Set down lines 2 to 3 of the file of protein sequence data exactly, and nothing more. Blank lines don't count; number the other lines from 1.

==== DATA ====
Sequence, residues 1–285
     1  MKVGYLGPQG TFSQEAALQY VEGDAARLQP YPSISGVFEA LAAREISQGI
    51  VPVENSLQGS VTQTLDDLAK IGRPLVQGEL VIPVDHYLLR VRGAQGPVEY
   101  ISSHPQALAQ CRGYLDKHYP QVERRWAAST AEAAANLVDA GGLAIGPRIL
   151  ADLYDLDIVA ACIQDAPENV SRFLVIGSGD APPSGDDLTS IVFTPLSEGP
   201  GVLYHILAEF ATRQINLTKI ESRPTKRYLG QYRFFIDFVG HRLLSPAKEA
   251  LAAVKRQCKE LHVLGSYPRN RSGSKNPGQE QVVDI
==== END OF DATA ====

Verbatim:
     1  MKVGYLGPQG TFSQEAALQY VEGDAARLQP YPSISGVFEA LAAREISQGI
    51  VPVENSLQGS VTQTLDDLAK IGRPLVQGEL VIPVDHYLLR VRGAQGPVEY